According to Hutchinson, Ornato recounted Trump screaming, “I’m the F’ing President. Take me up to the Capitol now.” 

Trump then “reached up toward the front of the vehicle to grab at the steering wheel,” Hutchinson remembered learning. She added that, according to Ornato, Trump used his other hand to “lunge” at Engel. 

Here's how Hutchinson described the President's anger at being prevented from going to the Capitol:

"Tony proceeded to tell me that when the President got in the beast he was under the impression from Mr. Meadows that the off-the-record movement to the Capitol was still possible and likely to happen, but that Bobby had more information. So as the President had gotten into the vehicle with Bobby, he thought they were going up to the Capitol and when Bobby relayed to him we're not, we don't have the assets to do it, it's not secure, we're going back to the West Wing, the President had a very strong, very angry response to that. Tony described him as being 'irate.' The President said something to the effect of 'I'm the F-ing President, take me to the Capitol now.'"

Engel and Ornato have both testified to the committee behind closed doors, but their statements have not been used in today's hearing.

Asked by CNN for comment about today's testimony regarding Trump allegedly lunging at his security detail and other claims about security on Jan. 6, a Secret Service spokesperson said the US Secret Service has "been cooperating with the Select Committee since its inception in spring 2021, and will continue to do so, including by responding on the record to the committee regarding the new allegations surfaced in today’s testimony."

CNN's Josh Campbell contributed reporting to this post.

Watch the moment from Hutchinson's testimony here.

1:57 p.m. ET, June 28, 2022

Trump wanted to go to Capitol on Jan. 6 after Ellipse speech and sent Secret Service scrambling, logs show

From CNN's Zachary Cohen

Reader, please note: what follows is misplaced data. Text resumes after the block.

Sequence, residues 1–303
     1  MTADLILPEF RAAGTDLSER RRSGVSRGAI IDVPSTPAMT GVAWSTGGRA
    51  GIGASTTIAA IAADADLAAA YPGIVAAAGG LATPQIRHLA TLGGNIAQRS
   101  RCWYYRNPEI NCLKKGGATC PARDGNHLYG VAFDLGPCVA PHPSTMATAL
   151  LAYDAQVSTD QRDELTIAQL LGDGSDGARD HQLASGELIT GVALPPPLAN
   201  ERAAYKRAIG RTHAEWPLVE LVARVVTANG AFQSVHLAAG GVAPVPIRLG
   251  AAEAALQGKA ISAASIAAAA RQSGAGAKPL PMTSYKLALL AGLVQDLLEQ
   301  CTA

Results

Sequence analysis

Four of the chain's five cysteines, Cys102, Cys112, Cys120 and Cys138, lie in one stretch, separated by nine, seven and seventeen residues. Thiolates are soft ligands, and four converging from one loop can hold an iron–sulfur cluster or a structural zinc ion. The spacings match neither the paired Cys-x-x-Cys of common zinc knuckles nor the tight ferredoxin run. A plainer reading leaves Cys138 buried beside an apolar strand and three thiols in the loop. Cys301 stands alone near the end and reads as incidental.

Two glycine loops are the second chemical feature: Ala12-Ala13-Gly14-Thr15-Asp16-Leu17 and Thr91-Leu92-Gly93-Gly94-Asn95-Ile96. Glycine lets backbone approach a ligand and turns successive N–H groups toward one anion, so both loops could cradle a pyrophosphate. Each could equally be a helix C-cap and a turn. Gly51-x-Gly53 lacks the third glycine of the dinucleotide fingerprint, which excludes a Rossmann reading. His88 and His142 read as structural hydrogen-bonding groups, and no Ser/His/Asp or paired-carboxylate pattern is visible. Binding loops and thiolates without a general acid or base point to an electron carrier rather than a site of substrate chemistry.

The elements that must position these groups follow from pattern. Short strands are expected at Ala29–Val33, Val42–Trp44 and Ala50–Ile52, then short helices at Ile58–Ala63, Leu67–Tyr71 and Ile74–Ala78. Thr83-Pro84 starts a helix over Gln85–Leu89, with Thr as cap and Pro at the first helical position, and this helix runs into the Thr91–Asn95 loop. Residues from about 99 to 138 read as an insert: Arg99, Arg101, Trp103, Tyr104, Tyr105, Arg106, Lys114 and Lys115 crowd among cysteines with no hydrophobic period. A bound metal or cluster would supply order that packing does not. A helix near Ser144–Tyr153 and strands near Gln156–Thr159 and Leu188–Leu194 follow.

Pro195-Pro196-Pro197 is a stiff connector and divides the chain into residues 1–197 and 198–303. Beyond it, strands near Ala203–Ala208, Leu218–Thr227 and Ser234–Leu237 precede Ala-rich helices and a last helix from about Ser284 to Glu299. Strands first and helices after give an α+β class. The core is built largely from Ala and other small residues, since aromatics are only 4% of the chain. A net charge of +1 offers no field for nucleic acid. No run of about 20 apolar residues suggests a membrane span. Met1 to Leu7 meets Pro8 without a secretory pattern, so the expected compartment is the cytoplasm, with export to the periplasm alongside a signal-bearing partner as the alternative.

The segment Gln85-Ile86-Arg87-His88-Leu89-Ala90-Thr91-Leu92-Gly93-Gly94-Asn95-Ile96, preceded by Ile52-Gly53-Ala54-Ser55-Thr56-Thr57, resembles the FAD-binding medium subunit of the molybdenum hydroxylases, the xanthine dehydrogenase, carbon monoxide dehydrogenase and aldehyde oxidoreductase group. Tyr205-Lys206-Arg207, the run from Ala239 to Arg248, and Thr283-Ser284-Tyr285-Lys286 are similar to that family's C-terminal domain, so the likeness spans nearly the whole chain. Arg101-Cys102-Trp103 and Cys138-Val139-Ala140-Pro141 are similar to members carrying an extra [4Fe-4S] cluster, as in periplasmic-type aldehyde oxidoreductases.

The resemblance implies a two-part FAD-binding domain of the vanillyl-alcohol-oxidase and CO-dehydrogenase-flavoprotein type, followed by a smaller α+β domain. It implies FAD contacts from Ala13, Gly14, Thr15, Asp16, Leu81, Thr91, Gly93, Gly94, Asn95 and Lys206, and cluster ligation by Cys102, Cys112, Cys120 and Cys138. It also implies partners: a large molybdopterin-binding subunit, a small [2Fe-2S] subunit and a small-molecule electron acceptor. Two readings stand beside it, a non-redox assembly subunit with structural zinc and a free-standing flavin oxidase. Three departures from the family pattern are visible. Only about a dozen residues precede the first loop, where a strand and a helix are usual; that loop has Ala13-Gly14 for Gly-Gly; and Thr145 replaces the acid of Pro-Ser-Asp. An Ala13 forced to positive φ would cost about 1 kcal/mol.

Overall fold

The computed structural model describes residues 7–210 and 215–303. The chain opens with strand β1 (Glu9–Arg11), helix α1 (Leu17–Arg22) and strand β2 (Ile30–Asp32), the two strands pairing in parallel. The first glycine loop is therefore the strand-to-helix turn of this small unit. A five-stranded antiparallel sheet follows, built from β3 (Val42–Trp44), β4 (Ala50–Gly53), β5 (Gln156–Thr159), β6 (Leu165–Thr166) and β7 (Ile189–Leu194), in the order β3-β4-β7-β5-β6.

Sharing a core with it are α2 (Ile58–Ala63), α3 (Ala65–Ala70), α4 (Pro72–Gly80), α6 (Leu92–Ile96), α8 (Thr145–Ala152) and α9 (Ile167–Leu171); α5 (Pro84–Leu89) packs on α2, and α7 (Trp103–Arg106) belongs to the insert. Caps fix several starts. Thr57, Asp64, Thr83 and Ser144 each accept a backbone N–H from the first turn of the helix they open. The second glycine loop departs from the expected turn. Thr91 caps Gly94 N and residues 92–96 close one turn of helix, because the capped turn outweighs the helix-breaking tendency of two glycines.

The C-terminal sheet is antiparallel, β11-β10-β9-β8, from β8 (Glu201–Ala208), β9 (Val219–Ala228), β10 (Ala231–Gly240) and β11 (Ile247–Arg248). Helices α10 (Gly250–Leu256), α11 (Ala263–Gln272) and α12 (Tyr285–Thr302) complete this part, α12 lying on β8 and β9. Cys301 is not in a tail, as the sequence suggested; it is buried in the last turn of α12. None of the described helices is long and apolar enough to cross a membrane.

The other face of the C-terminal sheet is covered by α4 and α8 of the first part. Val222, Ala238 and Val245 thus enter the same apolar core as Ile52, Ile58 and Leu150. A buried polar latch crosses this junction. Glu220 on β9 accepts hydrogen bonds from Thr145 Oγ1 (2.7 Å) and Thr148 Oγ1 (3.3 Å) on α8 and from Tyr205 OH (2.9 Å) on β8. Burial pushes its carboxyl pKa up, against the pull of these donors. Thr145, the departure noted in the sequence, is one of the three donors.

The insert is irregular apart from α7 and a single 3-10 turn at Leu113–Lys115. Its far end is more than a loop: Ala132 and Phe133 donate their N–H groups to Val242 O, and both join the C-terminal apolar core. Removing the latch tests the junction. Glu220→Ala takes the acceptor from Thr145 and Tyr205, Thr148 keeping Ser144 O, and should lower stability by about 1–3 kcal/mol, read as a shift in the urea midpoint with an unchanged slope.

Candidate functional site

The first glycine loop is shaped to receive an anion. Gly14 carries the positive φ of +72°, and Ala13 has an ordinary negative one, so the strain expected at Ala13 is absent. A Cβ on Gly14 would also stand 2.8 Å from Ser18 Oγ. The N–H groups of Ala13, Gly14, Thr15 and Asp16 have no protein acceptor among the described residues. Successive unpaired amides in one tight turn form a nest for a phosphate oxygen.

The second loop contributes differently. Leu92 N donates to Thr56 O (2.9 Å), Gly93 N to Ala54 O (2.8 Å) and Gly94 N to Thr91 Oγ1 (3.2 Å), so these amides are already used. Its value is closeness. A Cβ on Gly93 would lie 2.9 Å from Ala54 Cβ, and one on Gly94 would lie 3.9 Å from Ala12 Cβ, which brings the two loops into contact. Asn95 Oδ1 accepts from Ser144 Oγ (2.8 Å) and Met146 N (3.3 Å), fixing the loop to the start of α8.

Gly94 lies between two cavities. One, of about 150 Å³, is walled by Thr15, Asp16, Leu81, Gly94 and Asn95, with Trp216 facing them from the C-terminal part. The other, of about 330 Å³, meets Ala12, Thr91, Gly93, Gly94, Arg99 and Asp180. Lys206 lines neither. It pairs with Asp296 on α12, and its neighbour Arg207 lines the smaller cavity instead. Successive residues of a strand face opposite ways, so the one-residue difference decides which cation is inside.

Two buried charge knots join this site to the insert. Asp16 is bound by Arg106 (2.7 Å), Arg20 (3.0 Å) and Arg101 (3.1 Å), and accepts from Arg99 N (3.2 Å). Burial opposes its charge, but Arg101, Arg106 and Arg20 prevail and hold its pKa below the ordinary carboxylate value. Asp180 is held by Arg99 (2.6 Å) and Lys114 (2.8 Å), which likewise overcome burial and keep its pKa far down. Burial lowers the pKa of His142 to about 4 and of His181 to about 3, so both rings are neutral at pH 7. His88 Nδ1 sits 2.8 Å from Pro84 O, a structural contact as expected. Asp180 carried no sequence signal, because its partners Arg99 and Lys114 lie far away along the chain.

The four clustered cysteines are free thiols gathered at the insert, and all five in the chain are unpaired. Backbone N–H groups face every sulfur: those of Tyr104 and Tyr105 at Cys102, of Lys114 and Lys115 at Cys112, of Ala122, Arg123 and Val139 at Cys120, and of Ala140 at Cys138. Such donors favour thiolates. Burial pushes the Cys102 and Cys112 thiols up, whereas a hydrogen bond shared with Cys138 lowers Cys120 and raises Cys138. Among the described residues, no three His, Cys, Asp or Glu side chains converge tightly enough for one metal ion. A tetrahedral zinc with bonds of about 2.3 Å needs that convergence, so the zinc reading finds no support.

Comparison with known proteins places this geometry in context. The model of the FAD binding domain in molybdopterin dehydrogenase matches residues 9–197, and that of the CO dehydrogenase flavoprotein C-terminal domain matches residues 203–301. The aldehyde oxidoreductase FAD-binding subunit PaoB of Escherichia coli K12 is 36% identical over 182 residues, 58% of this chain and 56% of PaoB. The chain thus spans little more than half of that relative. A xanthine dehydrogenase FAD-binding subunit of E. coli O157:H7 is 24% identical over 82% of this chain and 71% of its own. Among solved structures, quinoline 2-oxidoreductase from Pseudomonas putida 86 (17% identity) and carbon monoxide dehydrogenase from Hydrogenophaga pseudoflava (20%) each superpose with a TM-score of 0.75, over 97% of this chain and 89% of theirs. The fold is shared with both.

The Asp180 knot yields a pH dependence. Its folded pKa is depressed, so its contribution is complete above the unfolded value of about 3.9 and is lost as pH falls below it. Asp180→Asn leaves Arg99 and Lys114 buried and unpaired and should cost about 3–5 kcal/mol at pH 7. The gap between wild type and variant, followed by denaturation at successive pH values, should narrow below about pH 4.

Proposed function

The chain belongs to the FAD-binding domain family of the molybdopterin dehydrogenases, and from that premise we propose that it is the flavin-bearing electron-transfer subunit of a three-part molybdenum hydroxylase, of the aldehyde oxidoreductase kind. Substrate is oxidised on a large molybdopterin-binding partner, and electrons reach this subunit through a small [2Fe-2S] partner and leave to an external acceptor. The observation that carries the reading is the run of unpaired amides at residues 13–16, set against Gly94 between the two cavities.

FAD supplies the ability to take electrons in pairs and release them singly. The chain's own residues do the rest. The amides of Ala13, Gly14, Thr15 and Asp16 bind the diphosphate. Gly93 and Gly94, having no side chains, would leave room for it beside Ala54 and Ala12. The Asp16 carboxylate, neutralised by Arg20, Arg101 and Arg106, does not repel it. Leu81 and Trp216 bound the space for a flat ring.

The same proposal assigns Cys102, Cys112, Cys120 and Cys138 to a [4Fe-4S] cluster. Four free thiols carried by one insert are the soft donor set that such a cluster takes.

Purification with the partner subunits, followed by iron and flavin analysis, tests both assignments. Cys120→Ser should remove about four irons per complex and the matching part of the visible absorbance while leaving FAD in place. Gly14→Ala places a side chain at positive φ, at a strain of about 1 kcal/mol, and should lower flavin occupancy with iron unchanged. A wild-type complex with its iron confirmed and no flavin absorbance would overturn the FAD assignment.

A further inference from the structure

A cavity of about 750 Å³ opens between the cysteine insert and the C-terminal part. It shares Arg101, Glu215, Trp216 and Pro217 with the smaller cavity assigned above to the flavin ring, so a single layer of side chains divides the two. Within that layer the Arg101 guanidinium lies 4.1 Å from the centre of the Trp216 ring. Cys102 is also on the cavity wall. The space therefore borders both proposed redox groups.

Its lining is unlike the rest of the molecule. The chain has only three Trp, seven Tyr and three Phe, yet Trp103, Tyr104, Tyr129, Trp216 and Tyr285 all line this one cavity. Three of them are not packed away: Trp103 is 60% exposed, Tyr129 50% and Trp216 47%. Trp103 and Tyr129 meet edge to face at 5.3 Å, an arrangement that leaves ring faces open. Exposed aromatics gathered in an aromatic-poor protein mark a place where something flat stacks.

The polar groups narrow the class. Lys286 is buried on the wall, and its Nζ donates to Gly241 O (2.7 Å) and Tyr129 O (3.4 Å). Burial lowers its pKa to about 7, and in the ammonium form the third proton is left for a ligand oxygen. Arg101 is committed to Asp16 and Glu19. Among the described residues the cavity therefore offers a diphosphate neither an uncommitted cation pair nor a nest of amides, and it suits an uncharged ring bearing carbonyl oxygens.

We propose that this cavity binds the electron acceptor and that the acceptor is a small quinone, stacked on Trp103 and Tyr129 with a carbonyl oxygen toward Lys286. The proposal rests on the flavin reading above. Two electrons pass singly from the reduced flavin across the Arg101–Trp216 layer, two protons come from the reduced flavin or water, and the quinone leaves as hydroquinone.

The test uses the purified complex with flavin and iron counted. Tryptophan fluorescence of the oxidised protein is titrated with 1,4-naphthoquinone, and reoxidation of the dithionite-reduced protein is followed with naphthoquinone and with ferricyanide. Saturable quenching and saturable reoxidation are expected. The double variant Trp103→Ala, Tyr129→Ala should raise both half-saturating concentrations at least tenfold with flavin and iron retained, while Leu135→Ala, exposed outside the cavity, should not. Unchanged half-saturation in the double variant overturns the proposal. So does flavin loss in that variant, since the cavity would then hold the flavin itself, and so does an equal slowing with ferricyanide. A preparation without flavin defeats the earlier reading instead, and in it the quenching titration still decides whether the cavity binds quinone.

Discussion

Video footage shown by the House Select Committee shows President Donald Trump's motorcade leaving the rally on January 6, 2021.
Video footage shown by the House Select Committee shows President Donald Trump's motorcade leaving the rally on January 6, 2021. (Pool)

Former President Trump wanted to go to the US Capitol on Jan. 6, 2021, following his speech at the White House Ellipse, much to the dismay of national security officials who were following the situation in real time and learned that the Secret Service was scrambling to find a way for him to go minutes before the violence began to escalate, according to National Security Council chat logs from that day that were revealed for the first time during Tuesday’s hearing. 

The NSC chat logs provide a minute-by-minute account of how the situation evolved from the perspective of top White House national security officials on Jan. 6, 2021. They also appear to contradict an account by former White House chief of staff Mark Meadows in his book in which he says Trump never intended to march to the Capitol.

“MOGUL’s going to the Capital … they are clearing a route now,” a message sent to the chat log at 12:29 pm on January 6 reads — referring to the former president's secret service code name. “They are finding the best route now.” 
“MilAide has confirmed that he wants to walk,” a 12:32 p.m. ET message reads. “They are begging him to reconsider.”
“So this is happening,” a message sent at 12:47 p.m. ET says. 

The chat logs also show how situation at the Capitol clearly began to escalate just before 1 p.m. ET as lawmakers gathered in the House chamber to count Electoral College votes and while Trump was on stage at the White House Ellipse – moments before he called for his supporters to march. 

“Capitol Police are now reporting multiple breaches in their anti-scaling fence,” a 12:57 p.m. ET message says.